DR RADICA MAHASE
AMANDA is a single mother of a ten-year-old boy with autism. Her husband died in a car accident four years ago. She is a clerk in a clothing store in Sangre Grande. Every single cent she earns goes towards providing for her son.
Kimberley, also a single mother, has an eight-year-old boy with autism. She is a security guard who always asks for night shifts because she needs to be at home during the day with her son.
Nisha is the mother of seven-year-old twin girls, both of them have been diagnosed with autism. She works in a fast food outlet. In addition to taking extra shifts she works taxi on weekends to make enough money to provide for the girls' special needs.
Every single day Amanda, Kimberley and Nisha work hard to provide for their children. All three of them take extra shifts, work overtime and are always looking for ways to supplement their income just to provide for their children. None of them receive any assistance from the state or from anyone else. The money they earn goes towards their children's special needs – babysitting services, therapy, medical supplies, etc.
There are many other women in TT, like these three women, who fight every single day to make sure that their children have the basic needs. In their situation basic needs go beyond food, clothing and shelter for their children. In their case, the fight includes desperately looking for ways to formally educate their child, clashing with school principals who don’t want to take the child in their school or butting heads with teachers who think their child is just harden and can’t learn. It means standing up to relatives who simply don’t understand that your child is different. It means standing up to a society which thinks that the world is only for "perfect" people and your child doesn’t deserve a space in this world. These women are all advocates in their own way and they fight on a regular basis to ensure that their children have opportunities.
These are the women who we should celebrate on International Women’s Day. And celebrating them doesn’t mean in a nice formal ceremony at a posh hotel or a seminar to discuss their issues or even a public walk. It doesn’t mean a nice lunch with lots of fancy speeches. Celebrating International Women’s Day will only become meaningful when those who are in positions to effect change can take the speeches and discussions and seminars and translate them into real everyday practical things that can actually make a difference in the lives of women like Amanda, Kimberley and Nisha.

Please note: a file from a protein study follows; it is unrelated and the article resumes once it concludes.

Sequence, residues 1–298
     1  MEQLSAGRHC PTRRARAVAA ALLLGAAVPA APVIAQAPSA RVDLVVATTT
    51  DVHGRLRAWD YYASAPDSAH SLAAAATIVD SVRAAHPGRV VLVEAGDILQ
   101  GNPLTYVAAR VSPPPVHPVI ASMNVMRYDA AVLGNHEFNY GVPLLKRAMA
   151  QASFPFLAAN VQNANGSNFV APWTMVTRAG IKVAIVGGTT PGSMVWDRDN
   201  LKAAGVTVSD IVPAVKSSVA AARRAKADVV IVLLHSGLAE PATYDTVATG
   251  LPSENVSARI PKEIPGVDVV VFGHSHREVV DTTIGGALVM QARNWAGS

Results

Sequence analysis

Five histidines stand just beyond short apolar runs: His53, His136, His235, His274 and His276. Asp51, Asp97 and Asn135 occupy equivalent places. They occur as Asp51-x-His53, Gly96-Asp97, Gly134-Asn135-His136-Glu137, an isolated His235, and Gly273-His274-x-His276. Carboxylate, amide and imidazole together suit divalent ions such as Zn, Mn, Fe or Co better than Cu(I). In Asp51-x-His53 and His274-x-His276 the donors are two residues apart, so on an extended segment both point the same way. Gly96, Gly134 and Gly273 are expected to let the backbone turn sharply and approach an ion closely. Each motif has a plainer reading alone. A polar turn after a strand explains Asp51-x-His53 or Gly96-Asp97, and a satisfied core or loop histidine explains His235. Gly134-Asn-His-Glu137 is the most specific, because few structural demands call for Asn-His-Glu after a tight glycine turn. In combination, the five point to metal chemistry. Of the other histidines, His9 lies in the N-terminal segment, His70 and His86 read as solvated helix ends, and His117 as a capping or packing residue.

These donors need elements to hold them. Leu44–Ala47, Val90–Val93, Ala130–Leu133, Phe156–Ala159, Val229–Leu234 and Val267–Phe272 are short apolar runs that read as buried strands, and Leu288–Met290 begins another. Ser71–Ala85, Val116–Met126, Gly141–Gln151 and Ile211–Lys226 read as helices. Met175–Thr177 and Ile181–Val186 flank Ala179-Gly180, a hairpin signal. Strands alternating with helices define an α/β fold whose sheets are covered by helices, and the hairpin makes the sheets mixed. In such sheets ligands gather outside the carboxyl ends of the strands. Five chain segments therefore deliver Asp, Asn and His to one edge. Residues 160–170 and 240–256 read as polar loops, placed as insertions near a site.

Sadly we live in a society that only gives lip service to real issues. We discuss issues but we have great difficulties in translating these into policies and when policies are made, we do not implement them. So, at the end of the day, when International Women’s Day is over and the celebrations are done, there is still no real change or impact on the lives of women like Amanda, Kimberley and Nisha.
In TT we need to make the celebration of International Women’s Day about the normal everyday women in our country – the ones who may be uneducated, who are not professionals, who are not the epitome of "success" according to society’s standards. It should be about those women who fight on a daily basis to survive and to take care of their children and reach their goals.
Those women who are from the lower income groups, who are being abused, who have mental health issues – these are the women we need to celebrate and uplift.
And most importantly, celebrations for International Women’s Day should become a forum to conceptualise, develop and implement change in our society so that every single woman will have the opportunity to develop her full potential.
For surely the women who fight every single day to impact on their children; the struggling single mothers and unemployed women who have been turned down by social welfare for a grant because they are living in the homes of their pensioner parents; the ones who are struggling on a daily basis but yet find the inner strength and energy to make sure that their children have basic needs – surely society should also see them as "accomplished women".
It is my hope that future celebrations for International Women’s Day will focus on women like Amanda, Kimberley and Nisha.
Dr Radica Mahase is founder/director, Support Autism T&T